Nonprofits are, however, permitted to voice opinions on issues and inform the public about the positions of candidates on policy questions as long as it is done in an impartial manner. Forums such as debates or panel discussions that are organized by nonprofits for the purpose of educating and informing voters are not improper intervention, as long as the information is presented in an unbiased, nonpartisan way that does not advance one candidate over another. A “candidate” is defined as anyone who is offering him- or herself or “is proposed by others” as a contestant for an elected public office, whether the office is of national, state or local scope. Therefore it could be someone running for national president or the local school board. “Intervention” is broadly defined also: the conduct is not confined to oral or written statements — but could be indirect intervention, such as creating a link from a nonprofit’s Web site to a candidate’s home page.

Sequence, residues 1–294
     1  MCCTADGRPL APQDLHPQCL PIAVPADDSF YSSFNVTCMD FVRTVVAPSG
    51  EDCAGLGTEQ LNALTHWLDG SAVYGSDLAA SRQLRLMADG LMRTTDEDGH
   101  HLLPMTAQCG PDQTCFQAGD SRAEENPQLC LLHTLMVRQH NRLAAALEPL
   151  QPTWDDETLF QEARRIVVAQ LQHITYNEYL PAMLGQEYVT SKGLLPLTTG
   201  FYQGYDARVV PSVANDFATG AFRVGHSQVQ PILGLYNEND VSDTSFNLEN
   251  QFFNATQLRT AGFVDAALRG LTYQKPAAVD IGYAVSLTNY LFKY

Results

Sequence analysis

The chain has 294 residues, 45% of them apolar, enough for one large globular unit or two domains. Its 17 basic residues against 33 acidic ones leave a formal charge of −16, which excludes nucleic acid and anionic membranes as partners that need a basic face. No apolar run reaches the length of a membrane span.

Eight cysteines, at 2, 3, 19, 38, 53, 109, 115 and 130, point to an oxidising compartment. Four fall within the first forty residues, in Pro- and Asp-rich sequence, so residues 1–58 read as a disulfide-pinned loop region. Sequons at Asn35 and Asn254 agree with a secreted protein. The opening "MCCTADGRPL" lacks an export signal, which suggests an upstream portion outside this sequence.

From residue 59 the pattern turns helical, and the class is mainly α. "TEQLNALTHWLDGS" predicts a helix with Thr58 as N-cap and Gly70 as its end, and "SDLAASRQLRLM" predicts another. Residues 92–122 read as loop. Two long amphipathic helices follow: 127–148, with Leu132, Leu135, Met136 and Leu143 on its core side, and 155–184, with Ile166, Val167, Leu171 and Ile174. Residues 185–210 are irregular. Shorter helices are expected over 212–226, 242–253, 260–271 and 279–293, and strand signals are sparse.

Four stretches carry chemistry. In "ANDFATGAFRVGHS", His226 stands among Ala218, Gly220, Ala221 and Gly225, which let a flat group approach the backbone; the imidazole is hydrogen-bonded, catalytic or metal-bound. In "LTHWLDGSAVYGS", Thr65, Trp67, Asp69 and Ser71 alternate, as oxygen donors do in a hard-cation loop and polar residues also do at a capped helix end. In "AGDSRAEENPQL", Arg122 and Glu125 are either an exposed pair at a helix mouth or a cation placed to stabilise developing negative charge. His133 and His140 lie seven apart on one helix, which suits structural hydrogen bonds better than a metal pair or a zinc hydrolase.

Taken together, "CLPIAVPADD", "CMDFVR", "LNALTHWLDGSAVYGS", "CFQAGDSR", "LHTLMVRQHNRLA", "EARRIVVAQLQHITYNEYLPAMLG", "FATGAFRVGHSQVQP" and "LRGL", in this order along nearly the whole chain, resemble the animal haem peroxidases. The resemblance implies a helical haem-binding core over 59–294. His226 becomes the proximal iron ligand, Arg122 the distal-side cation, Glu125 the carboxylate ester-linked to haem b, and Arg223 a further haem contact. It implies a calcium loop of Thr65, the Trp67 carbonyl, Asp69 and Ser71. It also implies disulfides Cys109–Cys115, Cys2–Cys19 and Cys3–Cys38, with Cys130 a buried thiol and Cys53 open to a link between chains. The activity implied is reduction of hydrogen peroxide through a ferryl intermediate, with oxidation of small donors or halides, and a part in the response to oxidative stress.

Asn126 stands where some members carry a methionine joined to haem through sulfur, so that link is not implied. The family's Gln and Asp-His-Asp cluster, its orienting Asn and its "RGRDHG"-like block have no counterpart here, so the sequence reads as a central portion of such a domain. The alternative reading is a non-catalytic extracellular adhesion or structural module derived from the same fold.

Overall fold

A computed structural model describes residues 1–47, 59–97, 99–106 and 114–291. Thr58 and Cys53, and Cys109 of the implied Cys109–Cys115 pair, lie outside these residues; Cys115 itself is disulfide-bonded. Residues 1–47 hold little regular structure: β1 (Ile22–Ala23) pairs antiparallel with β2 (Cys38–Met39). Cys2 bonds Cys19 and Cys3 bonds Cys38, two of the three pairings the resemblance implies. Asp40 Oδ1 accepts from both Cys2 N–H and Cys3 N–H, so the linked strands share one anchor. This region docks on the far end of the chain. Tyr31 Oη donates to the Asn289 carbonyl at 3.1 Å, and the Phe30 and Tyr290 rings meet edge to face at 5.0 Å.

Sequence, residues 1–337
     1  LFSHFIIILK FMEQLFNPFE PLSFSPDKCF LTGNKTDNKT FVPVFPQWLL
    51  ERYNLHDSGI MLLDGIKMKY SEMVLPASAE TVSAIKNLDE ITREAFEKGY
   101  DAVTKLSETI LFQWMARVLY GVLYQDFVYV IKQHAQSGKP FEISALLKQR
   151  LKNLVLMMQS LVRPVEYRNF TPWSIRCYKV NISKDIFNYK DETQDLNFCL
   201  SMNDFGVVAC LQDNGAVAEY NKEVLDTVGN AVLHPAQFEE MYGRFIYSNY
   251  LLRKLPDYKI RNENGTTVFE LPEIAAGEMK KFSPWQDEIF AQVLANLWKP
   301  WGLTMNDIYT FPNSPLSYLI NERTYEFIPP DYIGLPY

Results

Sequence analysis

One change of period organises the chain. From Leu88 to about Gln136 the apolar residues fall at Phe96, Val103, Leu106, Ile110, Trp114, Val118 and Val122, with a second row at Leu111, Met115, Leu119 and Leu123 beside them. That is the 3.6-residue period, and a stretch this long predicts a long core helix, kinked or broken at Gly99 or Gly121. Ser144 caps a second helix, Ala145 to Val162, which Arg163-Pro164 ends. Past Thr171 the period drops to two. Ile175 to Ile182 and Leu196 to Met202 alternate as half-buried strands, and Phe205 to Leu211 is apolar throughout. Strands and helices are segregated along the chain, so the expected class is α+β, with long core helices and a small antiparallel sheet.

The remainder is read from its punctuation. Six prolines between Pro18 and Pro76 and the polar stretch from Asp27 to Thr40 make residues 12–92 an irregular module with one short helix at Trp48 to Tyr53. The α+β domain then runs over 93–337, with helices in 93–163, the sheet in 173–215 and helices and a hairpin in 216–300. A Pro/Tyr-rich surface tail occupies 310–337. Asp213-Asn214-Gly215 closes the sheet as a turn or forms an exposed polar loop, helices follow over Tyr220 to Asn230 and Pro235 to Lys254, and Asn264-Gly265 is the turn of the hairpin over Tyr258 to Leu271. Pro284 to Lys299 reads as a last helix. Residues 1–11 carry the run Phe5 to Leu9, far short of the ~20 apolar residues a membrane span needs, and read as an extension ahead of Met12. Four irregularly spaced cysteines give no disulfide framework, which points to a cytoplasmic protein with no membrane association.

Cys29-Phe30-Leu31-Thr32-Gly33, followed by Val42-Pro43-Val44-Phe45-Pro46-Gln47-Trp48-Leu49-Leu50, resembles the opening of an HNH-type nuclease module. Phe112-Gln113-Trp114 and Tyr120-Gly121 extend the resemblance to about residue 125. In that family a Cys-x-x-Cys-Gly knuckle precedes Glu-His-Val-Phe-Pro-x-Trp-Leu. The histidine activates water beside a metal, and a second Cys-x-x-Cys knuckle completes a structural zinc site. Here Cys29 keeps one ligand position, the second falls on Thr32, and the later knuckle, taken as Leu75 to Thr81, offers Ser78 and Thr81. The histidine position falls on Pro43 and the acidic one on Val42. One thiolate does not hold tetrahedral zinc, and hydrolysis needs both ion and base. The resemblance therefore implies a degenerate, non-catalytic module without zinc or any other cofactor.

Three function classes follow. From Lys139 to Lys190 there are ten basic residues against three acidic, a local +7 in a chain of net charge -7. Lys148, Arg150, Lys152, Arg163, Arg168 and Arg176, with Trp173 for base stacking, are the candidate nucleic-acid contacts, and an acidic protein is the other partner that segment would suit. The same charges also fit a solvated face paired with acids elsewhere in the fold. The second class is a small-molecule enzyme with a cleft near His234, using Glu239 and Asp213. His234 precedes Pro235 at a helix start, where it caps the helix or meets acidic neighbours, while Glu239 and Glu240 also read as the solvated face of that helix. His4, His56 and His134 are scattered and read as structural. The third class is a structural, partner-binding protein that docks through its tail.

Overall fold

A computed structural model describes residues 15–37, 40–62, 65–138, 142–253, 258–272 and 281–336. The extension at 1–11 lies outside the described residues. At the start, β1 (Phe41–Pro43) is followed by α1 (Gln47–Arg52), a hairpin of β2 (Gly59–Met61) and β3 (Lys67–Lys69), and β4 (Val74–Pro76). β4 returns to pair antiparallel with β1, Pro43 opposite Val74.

When It’s OK to Speak out as an Individual
The IRS regulations do not restrict leaders of nonprofit organizations in their own expression of free speech or personal political views — only the nonprofit itself is restricted. However, when representatives of the nonprofit voice their opinions about a candidate at an official function of the nonprofit, that statement is interpreted as an act of the nonprofit. The key is for the nonprofit to remain nonpartisan at all times. For example, preparation and distribution of voter education materials, such as descriptions of various candidates’ positions on policy issues that impact a nonprofit’s activities or mission, is permitted (because it falls under the definition of “voter education”) as long as it is conducted in a nonpartisan manner e.g., all candidates’ positions are covered. Any bias reflected in the materials would be an indication of improper intervention under the IRS “facts and circumstances” test. Official publications of a nonprofit must remain nonpartisan.
Put Your Knowledge to the Test